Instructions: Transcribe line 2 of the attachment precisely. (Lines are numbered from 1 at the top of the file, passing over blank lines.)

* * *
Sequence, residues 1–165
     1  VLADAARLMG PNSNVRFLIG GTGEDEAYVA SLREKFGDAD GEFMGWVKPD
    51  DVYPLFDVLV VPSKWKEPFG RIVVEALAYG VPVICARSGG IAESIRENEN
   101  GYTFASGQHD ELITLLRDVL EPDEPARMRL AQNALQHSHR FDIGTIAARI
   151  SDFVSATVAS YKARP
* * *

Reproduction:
     1  VLADAARLMG PNSNVRFLIG GTGEDEAYVA SLREKFGDAD GEFMGWVKPD